6. Troy Manning, who is a language specialist for Bibles International, presented on "Literacy in Bible Times." He noted that, in spite of (1.) the low literacy rate in biblical times, (2.) the fact that literacy itself was never a biblical, "moral obligation", and (3.) the effectiveness of oral transmission, nonetheless writing Scripture down was a necessity for God's community, and that even today,what may be a primarily oral culture will still ultimately benefit from having written Scripture.

7. My fellow Petrine specialist Tim Miller (prof of New Testament at Detroit Baptist Theological Seminary; Tim also has a doctorate in theology from Westminster) focused on the "milk of the word" phrase of 1 Peter 2:1-3. He defended the more traditional reading of the phrase as a reference to the Word of God (his primary scholarly foil in this paper was naturally Karen Jobes, who has published some significant material on the topic). Those interested should note that Tim will also be presenting this same paper at ETS in Rhode Island this year (wish I could be there!)

8. Joel Pinter spoke to us on the "Refutation of Saracens by M. Luther Then and Now," i.e. a discussion of Luther's polemic against Islam, based off of Luther's own discovery of a 200 year old book (which has "just recently become available to the English-speaking world") by Dominican monk Riccoldo Pennini (1200s). The modern English version of this book is translated by Londini Ensis.

9. Jon Pratt, professor of New Testament at Central Baptist Theological Seminary (Plymouth, Minnesota) presented on "The 'Israel of God' in Galatians 6:16," an exegetical paper that deals with whether or not the phrase refers to both Gentiles and Jews or only ethnic Jews. He concludes,
"In the end, the syntactical arguments point toward the Israel-as-ethnic-Jews position with the normal use of kai establishing a good foundation for this viewpoint and the use of the genitive providing solid evidence for a connection between Paul's usage of 'Israel' in Rom 9:6 and his use of 'Israel of God' in Gal 16:16, because the limiting function of the genitive requires a larger group (all ethnic Jews) from which the smaller group ('Israel of God') is distinguished. This leads to the strongest argument for the Israel-as-ethnic-Jews position: the consistent use of 'Israel' as referring to ethnic Jews throughout Paul's writings."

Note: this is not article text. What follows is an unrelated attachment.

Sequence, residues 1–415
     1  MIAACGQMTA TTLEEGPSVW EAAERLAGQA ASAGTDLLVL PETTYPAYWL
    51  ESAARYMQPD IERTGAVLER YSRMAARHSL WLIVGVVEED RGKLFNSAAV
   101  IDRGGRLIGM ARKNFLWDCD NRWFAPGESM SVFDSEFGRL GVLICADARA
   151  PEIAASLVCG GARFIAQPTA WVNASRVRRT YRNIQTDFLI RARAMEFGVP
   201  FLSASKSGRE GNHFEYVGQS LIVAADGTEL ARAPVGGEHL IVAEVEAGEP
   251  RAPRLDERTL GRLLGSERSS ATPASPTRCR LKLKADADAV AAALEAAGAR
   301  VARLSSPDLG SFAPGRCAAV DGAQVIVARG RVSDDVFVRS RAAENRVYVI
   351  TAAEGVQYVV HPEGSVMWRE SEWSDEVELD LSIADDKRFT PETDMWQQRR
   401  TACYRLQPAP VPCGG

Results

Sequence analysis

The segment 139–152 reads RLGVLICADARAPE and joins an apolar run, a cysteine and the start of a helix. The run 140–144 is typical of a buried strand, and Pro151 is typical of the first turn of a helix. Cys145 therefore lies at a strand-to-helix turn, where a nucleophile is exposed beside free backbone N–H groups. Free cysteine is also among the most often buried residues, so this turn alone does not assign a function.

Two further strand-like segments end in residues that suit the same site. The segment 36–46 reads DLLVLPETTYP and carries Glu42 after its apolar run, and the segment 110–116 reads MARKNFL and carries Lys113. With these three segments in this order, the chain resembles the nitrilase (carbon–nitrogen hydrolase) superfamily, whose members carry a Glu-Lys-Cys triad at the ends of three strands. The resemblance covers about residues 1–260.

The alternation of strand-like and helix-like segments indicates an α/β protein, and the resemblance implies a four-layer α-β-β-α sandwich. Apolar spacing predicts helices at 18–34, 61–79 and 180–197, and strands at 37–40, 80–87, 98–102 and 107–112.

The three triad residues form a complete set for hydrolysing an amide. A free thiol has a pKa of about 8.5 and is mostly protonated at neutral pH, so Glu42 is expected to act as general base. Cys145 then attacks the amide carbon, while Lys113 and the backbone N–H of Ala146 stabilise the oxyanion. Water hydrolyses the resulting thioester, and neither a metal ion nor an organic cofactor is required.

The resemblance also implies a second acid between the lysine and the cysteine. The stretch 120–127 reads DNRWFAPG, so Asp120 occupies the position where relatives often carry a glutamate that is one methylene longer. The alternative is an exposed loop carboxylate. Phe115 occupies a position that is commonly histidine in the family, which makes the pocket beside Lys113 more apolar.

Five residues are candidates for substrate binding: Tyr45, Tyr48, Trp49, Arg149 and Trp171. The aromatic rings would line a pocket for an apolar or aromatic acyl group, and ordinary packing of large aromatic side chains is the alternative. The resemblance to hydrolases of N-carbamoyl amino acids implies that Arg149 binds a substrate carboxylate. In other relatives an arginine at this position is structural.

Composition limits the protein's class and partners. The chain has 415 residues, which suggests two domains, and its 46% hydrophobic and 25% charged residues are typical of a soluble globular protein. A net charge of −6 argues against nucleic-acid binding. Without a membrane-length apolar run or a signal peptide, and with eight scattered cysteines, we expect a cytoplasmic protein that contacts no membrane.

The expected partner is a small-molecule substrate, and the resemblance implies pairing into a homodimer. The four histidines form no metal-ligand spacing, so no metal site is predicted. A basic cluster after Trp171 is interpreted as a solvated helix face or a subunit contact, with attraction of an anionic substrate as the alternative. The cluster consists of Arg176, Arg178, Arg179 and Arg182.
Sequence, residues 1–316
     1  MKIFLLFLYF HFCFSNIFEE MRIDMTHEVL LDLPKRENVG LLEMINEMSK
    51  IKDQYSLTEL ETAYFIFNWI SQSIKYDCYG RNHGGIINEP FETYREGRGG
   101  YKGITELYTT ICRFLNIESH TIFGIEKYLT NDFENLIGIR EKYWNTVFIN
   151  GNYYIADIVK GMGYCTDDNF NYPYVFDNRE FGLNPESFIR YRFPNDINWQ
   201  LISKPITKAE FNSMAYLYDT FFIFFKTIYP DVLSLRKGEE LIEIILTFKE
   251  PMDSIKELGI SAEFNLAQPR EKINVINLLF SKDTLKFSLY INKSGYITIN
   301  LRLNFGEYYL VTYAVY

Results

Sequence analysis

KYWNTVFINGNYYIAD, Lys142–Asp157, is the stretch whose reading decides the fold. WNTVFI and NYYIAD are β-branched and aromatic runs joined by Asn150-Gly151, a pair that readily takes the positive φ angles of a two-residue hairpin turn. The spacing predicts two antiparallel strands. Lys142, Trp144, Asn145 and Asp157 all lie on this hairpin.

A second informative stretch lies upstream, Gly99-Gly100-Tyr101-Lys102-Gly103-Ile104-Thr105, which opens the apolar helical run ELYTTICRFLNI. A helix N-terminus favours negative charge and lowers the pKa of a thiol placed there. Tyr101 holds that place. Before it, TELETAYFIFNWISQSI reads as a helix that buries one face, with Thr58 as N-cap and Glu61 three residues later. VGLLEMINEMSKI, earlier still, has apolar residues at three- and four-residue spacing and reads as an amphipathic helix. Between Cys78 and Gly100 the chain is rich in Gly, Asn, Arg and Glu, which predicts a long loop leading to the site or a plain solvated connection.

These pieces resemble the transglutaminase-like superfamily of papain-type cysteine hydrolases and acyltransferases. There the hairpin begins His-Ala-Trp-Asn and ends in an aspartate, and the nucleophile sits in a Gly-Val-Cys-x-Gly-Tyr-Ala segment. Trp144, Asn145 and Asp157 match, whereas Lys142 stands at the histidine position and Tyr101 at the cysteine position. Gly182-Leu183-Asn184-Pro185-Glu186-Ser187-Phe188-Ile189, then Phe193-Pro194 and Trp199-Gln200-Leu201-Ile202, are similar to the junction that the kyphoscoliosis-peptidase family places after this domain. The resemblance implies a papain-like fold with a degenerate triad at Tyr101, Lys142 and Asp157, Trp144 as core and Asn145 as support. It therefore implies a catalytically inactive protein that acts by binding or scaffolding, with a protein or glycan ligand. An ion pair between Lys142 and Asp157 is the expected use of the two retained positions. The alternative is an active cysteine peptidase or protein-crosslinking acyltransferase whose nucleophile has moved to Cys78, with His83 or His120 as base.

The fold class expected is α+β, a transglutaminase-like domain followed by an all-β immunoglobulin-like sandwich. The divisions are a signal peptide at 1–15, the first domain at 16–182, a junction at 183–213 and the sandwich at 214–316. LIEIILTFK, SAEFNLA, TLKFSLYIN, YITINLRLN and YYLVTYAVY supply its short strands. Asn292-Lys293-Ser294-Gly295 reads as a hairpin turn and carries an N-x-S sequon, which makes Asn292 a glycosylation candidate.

10. Mark Ward, who works for Logos/Faithlife, gave us a very practical and informative paper on "New Tools for Teaching Textual Criticism to Laypeople." He focused especially on: 1. "The Exploring Biblical Manuscripts" interactive feature of Logos software itself; 2. "The Lexham Textual Notes on the New Testament," and 3. his own ongoing project, "KJVParallelBible.org" (I might add, this latter one is a very helpful tool especially within Independent Baptist circles; it does not push an agenda, it merely points out all the areas where the King James differs from the standard critical Greek text). Ward also mentioned some helpful "introductory books" (I would especially like to highlight two from his list: David Alan Black, New Testament Textual Criticism: A Concise Guide and J. B. Williams and Randolph Shaylor, eds. God's Word in Our Hands: The Bible Preserved for Us). The reader should also note Mark's forthcoming book: Authorized: The Use and Misuse of the King James Bible (Lexham Press). Mark's purpose is not to push one particular view of textual criticism, but simply to note how the difficulty of the KJV language (in this modern era) can lead to hermeneutical abuse.

11. Finally, my own paper, "A Canonical Anomaly: Why Did the Anabaptists Cite Wisdom of Solomon as Scripture" attempted to grapple with (and solve) a mystery that has bothered me since I took the excellent doctoral class "New Testament Canon" with Dr. L. Scott Kellum at Southeastern Baptist Theological Seminary. That mystery is: why were the Anabaptists (part of the "Radical Reformation") quoting Wisdom of Solomon as Scripture when it seems that the Magisterial Reformation, although occasionally appreciative of the Apocrypha, were not granting it canonical status? In other words, how could the Anabaptists, generally speaking, have the same canon as the Roman Catholic Church even while radically different from them in theology?